Urban Gardens: Terrific Tight Spaces

You don't need a half-acre to design an outstanding garden; actually, you don't even need more than a balcony. Here, we help you realize the gardening potential of your urban space.

Font
  • A
  • A
  • A

E-mail This Page to Your Friends

x

All fields are required.

Separate multiple e-mail addresses with a comma; Maximum 20 email addresses.

Refresh

Sending E-mail

Sending E-mail

Or Do Not E-mail

Success!

A link to %this page% was e-mailed

Efficiently Used Space With Urban Garden Design DK - Garden Design © 2009 Dorling Kindersley Limited

Gardens have always had a presence in cities, but they have recently taken on a more important role as asphalt-free zones, used for planting, relaxation, play and entertaining. They may be small but, planned to maximize efficiency and tidiness - often by fitting squares and rectangles snugly into the space - city gardens can be designed to great success; designing on the diagonal is another good option, and makes your space seem larger.

Approaches vary, but most urban gardens are treated either as functional spaces or as green oases - both offer a private escape or retreat from hectic city life. Designers who view city gardens as functional spaces or extensions of the indoors use hard surfaces to create a stage for multiple uses, for example children's playscapes and outdoor dining areas. A simple palette of hard-landscaping materials create clean, practical surfaces, while careful planting along the boundaries can increase privacy. Architectural treatments to boundary walls, furniture and water features create elegant "rooms", often lit after dark to create extensions to the home.

For the city slicker who yearns for a green retreat planting dominates, sometimes densely and often taking over areas that could have been used for entertainment or play. This intensive planting approach livens up the space and can shield it, visually, from the tightly-packed buildings nearby. Pergolas or trimmed trees offer privacy, while dense planting can achieve a more naturalistic effect. Containers, small beds and trellises offer productive and pretty spaces for a complex range of decorative and functional plant species: flowering plants, vegetables and small fruit trees.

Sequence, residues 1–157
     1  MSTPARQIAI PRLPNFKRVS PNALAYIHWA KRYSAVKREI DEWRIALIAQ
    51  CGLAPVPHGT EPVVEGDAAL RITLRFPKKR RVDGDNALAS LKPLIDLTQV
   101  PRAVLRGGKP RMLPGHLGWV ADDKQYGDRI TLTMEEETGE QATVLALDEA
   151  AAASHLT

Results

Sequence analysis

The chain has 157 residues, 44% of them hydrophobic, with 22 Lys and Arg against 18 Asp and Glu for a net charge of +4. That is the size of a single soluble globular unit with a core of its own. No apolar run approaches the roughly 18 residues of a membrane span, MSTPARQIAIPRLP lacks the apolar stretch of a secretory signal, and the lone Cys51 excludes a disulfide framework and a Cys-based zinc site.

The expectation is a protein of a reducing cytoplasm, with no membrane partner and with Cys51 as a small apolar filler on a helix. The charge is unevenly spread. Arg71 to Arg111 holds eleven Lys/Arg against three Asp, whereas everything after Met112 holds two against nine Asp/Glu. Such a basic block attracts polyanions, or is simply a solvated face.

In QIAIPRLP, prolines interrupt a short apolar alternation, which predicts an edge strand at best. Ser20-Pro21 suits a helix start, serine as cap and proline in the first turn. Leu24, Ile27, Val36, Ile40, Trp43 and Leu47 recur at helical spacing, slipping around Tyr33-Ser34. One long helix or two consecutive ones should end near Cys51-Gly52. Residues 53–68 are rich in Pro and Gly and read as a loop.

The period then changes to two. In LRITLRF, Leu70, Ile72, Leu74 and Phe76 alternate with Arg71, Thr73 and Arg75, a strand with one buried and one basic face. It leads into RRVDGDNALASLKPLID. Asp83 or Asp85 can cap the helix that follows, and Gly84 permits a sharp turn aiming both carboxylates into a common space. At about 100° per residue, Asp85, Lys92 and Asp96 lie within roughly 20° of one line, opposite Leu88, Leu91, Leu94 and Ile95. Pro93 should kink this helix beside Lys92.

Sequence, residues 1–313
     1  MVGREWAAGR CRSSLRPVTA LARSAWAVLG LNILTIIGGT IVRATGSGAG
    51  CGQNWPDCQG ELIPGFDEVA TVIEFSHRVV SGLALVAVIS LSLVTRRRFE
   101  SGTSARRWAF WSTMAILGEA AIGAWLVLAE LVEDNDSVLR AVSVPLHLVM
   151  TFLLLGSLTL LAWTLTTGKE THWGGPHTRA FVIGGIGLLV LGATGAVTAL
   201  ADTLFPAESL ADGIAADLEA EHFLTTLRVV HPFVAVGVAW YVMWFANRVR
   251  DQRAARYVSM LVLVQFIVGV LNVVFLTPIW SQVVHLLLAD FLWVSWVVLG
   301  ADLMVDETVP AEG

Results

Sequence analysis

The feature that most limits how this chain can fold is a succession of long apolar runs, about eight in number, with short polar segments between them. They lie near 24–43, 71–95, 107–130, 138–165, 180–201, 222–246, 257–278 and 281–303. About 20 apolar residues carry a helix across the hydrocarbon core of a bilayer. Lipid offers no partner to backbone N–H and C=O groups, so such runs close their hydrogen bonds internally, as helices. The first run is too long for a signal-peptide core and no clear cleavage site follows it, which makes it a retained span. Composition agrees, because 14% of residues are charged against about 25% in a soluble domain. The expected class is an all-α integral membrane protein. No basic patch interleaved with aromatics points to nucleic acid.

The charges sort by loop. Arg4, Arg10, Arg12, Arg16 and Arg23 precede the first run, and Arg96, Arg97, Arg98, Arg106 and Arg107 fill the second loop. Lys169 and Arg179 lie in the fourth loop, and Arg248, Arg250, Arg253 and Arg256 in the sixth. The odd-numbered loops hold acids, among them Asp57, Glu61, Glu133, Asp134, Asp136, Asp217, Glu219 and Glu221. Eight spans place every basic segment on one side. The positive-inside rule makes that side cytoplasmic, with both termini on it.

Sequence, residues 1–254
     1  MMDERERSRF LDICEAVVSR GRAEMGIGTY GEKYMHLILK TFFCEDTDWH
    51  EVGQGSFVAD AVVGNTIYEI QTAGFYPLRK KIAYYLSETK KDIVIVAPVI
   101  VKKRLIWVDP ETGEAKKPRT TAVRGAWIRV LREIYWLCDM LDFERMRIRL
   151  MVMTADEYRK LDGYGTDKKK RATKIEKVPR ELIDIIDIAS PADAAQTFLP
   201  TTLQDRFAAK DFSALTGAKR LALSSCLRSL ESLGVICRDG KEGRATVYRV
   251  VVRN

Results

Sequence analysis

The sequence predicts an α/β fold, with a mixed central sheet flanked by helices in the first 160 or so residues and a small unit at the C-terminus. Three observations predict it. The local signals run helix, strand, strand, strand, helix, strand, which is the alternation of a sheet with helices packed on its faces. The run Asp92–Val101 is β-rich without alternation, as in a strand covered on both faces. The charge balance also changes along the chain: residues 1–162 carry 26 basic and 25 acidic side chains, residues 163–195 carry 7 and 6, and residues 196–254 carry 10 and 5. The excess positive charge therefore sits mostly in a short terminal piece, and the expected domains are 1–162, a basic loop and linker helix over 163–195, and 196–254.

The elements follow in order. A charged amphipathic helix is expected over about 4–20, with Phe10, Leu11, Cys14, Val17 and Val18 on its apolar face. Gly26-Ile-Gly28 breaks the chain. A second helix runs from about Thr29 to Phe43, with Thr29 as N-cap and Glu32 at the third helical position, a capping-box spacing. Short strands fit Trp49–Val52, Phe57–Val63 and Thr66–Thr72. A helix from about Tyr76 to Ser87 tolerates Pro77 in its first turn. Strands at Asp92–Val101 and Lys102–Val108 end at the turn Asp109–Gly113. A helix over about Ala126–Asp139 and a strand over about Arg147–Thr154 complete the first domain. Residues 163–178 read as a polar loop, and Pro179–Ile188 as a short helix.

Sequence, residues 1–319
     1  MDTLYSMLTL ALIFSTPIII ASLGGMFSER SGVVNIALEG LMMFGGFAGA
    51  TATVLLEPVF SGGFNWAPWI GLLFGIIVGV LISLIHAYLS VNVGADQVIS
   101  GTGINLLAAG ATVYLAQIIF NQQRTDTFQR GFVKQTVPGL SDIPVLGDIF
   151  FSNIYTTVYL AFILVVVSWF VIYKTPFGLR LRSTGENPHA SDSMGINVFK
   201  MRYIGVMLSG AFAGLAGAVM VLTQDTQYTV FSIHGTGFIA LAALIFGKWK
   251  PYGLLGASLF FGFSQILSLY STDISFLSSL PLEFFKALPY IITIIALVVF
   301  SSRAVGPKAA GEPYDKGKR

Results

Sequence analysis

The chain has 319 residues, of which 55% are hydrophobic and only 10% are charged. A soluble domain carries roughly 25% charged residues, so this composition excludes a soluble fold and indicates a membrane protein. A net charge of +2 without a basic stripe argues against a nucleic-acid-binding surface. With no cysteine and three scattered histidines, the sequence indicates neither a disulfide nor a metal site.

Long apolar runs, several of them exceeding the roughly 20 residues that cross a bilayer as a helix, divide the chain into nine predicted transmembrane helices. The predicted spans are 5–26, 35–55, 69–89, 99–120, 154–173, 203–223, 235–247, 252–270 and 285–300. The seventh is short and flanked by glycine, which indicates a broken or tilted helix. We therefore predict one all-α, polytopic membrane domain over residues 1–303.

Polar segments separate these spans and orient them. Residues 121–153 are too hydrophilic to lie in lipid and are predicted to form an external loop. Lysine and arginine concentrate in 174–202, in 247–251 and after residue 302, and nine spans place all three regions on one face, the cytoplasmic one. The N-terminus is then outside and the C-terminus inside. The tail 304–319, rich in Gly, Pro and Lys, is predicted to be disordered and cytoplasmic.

In many city gardens, close proximity to windows and the use of sliding or folding doors creates an enlarging seamlessness between interior and exterior "rooms."

« Previous123

Excerpted from Garden Design

©Dorling Kindersley Limited 2009

We Recommend...

Urban Garden Design: Some Basic Elements

Urban Garden Design: Some Basic Elements

Want to upgrade your cityscape but don't know how? Look no further. We introduce you to the basics of urban design, and give...

(8 photos)
30 Small Space Gardening Tips for Apartment Dwellers and Urbanites

30 Small Space Gardening Tips for Apartment Dwellers and Urbanites

Don't let limited outdoor space prevent you from trying out your green thumb. From tasty fruits and veggies to flowering...

(30 photos)
Advertisement

HGTV Outdoors Newsletter

Find out how to make the most of patios, decks and all your outdoor areas, plus tips from master gardeners for beautiful flower beds and bountiful vegetable gardens.